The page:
March 29, 2015 SIGN IN | REGISTER

Partisanship Rules, Even on Popular Bills

Chris Maddaloni/CQ Roll Call

Senate Majority Leader Harry Reid may have announced Tuesday that he wont block GOP attempts to bring a popular 3 percent withholding bill to a vote, but lawmakers and voters shouldnt see it as a sign of a thaw in the Capitols partisan chill.

The Nevada Democrat said that while he is not inclined to stand in the way, he will try to amend the bill. Such a move could stall the legislation despite its overwhelming passage in the House last week and the backing of the Obama administration.

The bill that comes from the House, I think we should amend it, Reid said. Ive spoken to the Republican leader; he wants to bring that forward. Im not going to stand in the way of his bringing it forward.

Reids decision came after days of sniping between Republicans and Democrats. The argument is not over the fundamental policy behind the bill but rather what offset to use to pay for it. According to several GOP and Democratic Senate aides, Reid has insisted on using the offsets in the House bill as a way to fund a transportation authorization bill.

Reids resistance to either passing the House bill as is or taking the measure up this week to quickly send it to President Barack Obama has frustrated Republicans.

The Senate Democratic leadership is paralyzed by devotion to tax hikes and more of the same failed stimulus policies, said Michael Steel, spokesman for Speaker John Boehner (Ohio). Both the 3 percent provision and the pay-for were specifically supported by the White House. Its tough to understand why the Senate Democratic leadership doesnt just pass the House-passed bill. They just cant take yes for an answer.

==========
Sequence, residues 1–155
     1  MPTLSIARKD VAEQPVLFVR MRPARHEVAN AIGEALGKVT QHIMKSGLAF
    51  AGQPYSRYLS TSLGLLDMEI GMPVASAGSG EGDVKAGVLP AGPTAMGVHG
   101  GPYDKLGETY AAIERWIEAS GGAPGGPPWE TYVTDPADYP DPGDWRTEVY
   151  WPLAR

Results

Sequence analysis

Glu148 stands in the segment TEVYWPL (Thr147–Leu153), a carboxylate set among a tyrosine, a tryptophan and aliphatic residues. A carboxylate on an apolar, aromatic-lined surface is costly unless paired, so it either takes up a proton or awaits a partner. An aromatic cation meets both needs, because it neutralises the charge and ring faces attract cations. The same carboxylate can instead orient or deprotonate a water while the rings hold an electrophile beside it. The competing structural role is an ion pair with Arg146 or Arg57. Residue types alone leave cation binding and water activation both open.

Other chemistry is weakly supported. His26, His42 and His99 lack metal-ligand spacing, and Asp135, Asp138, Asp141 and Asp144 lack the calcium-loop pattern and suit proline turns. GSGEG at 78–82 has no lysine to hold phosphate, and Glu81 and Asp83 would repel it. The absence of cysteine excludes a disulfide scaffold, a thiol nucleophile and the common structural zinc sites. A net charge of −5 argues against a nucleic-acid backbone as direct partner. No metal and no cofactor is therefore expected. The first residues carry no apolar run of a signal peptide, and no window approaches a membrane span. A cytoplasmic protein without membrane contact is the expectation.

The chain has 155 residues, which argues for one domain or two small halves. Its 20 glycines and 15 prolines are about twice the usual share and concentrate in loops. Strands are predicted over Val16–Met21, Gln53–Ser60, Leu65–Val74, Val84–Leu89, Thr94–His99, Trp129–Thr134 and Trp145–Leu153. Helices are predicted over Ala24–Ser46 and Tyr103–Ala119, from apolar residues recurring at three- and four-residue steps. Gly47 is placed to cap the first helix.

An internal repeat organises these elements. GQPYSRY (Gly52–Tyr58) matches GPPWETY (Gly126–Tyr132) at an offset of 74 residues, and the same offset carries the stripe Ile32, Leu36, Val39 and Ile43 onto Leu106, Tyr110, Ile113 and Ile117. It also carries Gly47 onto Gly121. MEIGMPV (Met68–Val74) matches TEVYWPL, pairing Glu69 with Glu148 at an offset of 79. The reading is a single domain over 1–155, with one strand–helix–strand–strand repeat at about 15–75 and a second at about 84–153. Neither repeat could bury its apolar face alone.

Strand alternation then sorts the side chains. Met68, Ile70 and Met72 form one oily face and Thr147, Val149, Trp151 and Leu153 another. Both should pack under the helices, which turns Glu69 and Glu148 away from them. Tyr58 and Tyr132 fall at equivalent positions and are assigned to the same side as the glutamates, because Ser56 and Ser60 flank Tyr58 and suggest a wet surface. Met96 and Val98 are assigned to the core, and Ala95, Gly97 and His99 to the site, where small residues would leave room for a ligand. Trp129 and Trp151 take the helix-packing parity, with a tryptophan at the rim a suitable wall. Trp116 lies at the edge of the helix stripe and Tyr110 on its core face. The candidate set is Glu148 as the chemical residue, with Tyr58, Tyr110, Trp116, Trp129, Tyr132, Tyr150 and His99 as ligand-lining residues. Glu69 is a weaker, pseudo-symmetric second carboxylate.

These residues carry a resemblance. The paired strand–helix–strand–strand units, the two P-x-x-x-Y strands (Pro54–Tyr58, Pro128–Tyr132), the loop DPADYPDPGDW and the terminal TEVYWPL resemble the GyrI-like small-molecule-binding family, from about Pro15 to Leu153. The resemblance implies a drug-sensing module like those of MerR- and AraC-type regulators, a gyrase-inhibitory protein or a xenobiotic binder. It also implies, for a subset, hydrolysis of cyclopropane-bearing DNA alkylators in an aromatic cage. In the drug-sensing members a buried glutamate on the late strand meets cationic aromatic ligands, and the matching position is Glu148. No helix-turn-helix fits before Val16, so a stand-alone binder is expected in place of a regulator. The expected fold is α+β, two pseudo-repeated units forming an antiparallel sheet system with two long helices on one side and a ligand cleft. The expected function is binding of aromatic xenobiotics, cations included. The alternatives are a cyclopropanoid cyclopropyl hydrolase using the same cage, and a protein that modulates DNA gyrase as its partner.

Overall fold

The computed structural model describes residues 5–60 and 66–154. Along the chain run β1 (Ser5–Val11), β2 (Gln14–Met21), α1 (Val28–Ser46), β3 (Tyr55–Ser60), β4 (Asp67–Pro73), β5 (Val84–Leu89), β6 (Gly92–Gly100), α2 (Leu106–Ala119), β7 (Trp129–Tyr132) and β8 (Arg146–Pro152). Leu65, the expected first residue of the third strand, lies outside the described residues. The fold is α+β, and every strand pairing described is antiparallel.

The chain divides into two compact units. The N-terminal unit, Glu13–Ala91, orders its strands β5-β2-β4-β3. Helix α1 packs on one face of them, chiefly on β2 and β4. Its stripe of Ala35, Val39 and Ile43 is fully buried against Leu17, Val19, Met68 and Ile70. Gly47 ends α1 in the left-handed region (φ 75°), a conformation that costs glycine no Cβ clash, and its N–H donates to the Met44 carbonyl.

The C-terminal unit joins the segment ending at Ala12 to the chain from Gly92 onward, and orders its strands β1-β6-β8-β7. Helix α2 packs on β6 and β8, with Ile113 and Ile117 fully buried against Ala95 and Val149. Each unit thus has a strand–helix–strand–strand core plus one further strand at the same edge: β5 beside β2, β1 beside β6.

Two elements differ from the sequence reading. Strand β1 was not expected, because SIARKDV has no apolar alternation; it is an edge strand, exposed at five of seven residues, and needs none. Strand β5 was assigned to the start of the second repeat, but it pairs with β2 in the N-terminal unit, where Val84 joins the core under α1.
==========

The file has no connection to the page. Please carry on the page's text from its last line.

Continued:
Reid countered that the Republicans are protecting millionaires and billionaires at the expense of creating jobs for the middle class by opposing the transportation bill.

Im terribly disappointed that the Republican caucus has ignored the wishes of the American people, Reid said.

The bitter back-and-forth is just the latest flare-up resulting from a fundamental breakdown in how the chambers work and how Congress approaches its job, according to aides and lawmakers.

Its like walking into a childrens fight, a Senate Republican aide said Tuesday, explaining that even arcane issues such as pay-fors which have traditionally been so deep in the weeds that they were smoothed out with little fanfare have become flashpoints.

The Senate is not immune to the 24-hour news cycle and bloggers and pressure to stay in the majority or to capture the majority, Sen. Lindsey Graham (R-S.C.) said. Graham, a former House Member, cast aspersion on both chambers, saying: Its a symptom of the Senate becoming more like the House.

That, Graham and others said, has led to a climate in which neither side is willing to trust the other, which makes it difficult to find common ground even when it exists.

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